technology we can detect seismic activity to provide an advanced  
          warning, save lives and help mitigate damage.

          The author further states, that the objective of earthquake  
          early warning is to rapidly detect the initiation of an  
          earthquake, estimate the level of ground shaking to be expected,  
          and issue a warning before significant ground shaking begins.    
          The warnings allow people to take cover, assist loved ones, pull  
          to the side of the road or exit a building.  Earthquake early  
          warning systems not only alert the public, they also speed the  
          response of police, fire and other safety personnel by quickly  
          identifying areas hardest hit by the quake.

           Background  :  California is a hotbed for earthquake activity.   
          Ninety percent of the world's earthquakes and over 80% of the  
          world's largest earthquakes occur along the Circum-Pacific Belt,  
          also known as the Pacific Ring of Fire for its ever present  
          earthquake activity.  The Pacific Rim of fire includes the very  
          active San Andreas fault zone in California.  

          Predictions from the Uniform California Earthquake Rupture  
          Forecast released in 2008 found that there is a 99.7% likelihood  
          of a magnitude 6.7 earthquake and a 94% chance of a 7.0  
          magnitude earthquake in California within the next 30 years.  

          In January 2013, the California Institute of Technology and the  
          Japan Agency for Marine Earth Science and Technology published a  
          study concluding for the first time that a statewide California  
          earthquake involving both the Los Angeles and San Francisco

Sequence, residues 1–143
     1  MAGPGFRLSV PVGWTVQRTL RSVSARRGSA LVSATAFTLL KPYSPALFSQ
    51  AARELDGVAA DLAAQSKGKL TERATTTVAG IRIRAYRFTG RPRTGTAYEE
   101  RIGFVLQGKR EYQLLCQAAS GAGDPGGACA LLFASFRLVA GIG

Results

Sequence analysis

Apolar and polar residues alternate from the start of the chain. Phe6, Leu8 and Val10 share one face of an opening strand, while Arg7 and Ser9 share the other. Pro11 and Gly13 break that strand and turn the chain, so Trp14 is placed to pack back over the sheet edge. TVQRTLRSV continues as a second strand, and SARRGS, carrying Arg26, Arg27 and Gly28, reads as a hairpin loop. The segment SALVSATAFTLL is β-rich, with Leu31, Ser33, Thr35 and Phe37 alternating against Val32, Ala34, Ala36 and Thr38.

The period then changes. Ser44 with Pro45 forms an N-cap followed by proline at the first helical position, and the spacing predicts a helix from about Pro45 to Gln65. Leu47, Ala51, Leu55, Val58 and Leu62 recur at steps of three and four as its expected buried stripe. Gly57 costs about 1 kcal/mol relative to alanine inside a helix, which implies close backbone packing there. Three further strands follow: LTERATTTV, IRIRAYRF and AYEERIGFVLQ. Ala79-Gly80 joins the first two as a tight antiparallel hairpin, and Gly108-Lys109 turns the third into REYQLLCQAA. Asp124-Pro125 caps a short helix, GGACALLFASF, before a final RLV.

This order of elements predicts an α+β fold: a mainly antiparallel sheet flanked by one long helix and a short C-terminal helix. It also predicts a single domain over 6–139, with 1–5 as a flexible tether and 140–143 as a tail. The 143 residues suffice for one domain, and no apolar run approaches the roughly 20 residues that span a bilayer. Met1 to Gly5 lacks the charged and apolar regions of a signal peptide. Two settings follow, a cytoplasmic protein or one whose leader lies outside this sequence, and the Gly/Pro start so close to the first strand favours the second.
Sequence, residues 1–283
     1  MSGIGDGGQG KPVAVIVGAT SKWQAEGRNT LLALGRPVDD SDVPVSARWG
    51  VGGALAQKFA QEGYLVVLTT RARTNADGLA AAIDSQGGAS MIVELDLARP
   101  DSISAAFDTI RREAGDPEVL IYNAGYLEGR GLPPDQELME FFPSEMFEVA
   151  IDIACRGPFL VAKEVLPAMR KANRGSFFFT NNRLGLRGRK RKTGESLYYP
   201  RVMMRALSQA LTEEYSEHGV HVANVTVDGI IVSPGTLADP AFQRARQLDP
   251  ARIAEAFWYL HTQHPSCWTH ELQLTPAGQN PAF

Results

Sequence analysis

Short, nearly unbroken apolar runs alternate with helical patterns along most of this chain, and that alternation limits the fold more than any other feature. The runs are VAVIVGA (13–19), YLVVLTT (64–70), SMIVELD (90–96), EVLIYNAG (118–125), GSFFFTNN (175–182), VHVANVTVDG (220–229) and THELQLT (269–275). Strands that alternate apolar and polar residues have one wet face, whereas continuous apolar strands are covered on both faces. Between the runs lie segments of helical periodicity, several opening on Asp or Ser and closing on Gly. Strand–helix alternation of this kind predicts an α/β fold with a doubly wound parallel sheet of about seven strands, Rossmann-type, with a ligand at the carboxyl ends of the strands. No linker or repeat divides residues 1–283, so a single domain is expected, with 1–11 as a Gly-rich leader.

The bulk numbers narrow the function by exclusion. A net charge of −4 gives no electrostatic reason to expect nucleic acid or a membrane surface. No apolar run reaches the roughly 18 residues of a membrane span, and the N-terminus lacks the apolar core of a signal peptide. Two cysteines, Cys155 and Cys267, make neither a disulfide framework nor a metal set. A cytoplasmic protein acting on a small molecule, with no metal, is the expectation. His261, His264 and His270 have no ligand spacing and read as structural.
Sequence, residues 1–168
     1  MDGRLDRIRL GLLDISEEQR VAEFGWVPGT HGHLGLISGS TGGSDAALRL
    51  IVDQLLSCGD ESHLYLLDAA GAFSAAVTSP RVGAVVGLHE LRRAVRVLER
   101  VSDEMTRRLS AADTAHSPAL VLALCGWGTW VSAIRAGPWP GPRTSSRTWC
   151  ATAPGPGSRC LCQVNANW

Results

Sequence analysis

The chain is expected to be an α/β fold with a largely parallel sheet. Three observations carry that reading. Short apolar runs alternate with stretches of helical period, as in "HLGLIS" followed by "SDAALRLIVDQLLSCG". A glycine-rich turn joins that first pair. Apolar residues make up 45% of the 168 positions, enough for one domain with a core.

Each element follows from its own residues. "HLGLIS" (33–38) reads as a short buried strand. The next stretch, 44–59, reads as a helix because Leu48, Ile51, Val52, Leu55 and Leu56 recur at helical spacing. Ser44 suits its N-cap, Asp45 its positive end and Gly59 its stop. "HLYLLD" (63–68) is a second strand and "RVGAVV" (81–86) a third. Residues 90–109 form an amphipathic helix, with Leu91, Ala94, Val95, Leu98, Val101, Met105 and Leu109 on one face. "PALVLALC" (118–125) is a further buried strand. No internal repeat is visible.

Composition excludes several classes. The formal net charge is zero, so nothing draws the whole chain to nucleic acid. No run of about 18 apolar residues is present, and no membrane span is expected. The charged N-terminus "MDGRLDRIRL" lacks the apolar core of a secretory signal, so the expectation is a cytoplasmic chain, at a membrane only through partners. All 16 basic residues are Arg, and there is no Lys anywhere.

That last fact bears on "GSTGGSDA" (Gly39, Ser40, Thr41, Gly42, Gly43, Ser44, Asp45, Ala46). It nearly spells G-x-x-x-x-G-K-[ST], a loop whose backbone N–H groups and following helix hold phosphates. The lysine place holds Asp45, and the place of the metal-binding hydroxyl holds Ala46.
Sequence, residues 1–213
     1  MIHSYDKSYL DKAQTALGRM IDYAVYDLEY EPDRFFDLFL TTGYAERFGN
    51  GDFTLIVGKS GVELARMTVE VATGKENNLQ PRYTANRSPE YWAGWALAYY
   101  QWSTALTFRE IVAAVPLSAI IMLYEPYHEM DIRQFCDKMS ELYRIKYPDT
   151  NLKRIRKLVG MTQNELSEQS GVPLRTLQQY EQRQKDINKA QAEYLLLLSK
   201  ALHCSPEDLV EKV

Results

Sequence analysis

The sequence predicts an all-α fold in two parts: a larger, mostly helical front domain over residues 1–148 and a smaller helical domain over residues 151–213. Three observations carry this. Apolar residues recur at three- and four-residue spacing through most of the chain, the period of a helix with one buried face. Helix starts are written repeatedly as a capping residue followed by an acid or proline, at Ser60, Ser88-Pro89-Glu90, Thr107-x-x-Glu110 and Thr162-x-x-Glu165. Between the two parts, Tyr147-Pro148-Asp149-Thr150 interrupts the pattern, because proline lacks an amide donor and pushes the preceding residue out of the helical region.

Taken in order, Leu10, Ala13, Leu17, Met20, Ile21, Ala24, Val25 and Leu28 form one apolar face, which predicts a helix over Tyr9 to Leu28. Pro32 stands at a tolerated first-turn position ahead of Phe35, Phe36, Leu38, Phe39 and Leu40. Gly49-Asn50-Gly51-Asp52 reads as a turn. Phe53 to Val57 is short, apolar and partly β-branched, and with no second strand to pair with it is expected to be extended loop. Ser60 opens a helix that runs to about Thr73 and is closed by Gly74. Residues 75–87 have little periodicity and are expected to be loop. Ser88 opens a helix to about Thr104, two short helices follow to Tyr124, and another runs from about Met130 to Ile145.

metropolitan areas may be possible.

          While earthquakes cannot be predicted or prevented, using  
          advanced science and technology has in the past detected seismic  


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          activity and provided advanced warning.  The objective of  
          earthquake early warning is to rapidly detect the initiation of  
          an earthquake, estimate the level of ground shaking to be  
          expected, issue a warning before significant ground shaking  
          begins, and estimate the location and the magnitude of the  
          earthquake.  This is then used to estimate the anticipated  
          ground shaking across the region to be effected. 

          The system would effectively detect the strength and progression  
          of earthquakes, alert the public within seconds and provide up  
          to 60 seconds advanced warning. 

           Earthquake Early Warning Systems  :  When an earthquake occurs  
          seismic waves radiate from the epicenter like waves on a pond -  
          it is these waves we feel as earthquake shaking which causes  
          damage to structures.  The technology exists to detect moderate  
          to large earthquakes so quickly that a warning can be sent to  
          locations outside the area where the earthquake begins before  
          these destructive waves arrive.  The amount of warning time at a  
          particular location depends on the distance from the earthquake  
          epicenter.  Locations very close to the earthquake epicenter  
          will receive relatively little or no warning whereas locations  
          far removed from the earthquake epicenter would receive more  
          warning time but may not experience damaging shaking.  For those  
          locations in between, the warning time could range from seconds  
          to minutes. 

          The network approach utilizes many seismic sensors that are  
          distributed across a wide area where earthquakes are likely to  
          occur.  This network of sensors sends data to a central site  
          where ground motion signals are analyzed, earthquakes are  
          detected and warnings are issued.  The network approach is  
          considered to be slower, but more reliable than the on-site  
          approach.  This is because it uses information from many  
          stations to confirm that the ground motion detected is actually  
          from an earthquake and not from some other source of vibration.

           Analysis Prepared by  :    Felipe Lopez / G. O. / (916) 319-2531 

                                                                FN: 0002192